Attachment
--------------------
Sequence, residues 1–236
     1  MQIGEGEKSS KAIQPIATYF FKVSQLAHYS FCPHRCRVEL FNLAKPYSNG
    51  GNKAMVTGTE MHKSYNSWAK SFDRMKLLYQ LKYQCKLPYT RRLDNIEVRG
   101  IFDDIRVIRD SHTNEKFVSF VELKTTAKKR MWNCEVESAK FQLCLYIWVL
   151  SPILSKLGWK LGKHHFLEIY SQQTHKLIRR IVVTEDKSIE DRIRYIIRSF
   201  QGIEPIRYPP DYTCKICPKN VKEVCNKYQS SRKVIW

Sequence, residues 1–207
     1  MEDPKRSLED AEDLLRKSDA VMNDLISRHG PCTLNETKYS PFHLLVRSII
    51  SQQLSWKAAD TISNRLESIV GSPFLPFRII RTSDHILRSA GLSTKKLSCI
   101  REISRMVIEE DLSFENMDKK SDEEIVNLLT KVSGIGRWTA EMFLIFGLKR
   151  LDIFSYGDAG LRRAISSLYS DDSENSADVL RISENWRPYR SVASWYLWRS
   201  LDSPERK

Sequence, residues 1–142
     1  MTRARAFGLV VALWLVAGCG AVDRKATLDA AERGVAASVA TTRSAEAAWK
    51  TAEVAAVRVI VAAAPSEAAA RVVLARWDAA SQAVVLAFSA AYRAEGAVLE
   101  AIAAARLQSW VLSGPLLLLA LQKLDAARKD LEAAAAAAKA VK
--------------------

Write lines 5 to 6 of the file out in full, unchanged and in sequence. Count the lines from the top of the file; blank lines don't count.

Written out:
   151  SPILSKLGWK LGKHHFLEIY SQQTHKLIRR IVVTEDKSIE DRIRYIIRSF
   201  QGIEPIRYPP DYTCKICPKN VKEVCNKYQS SRKVIW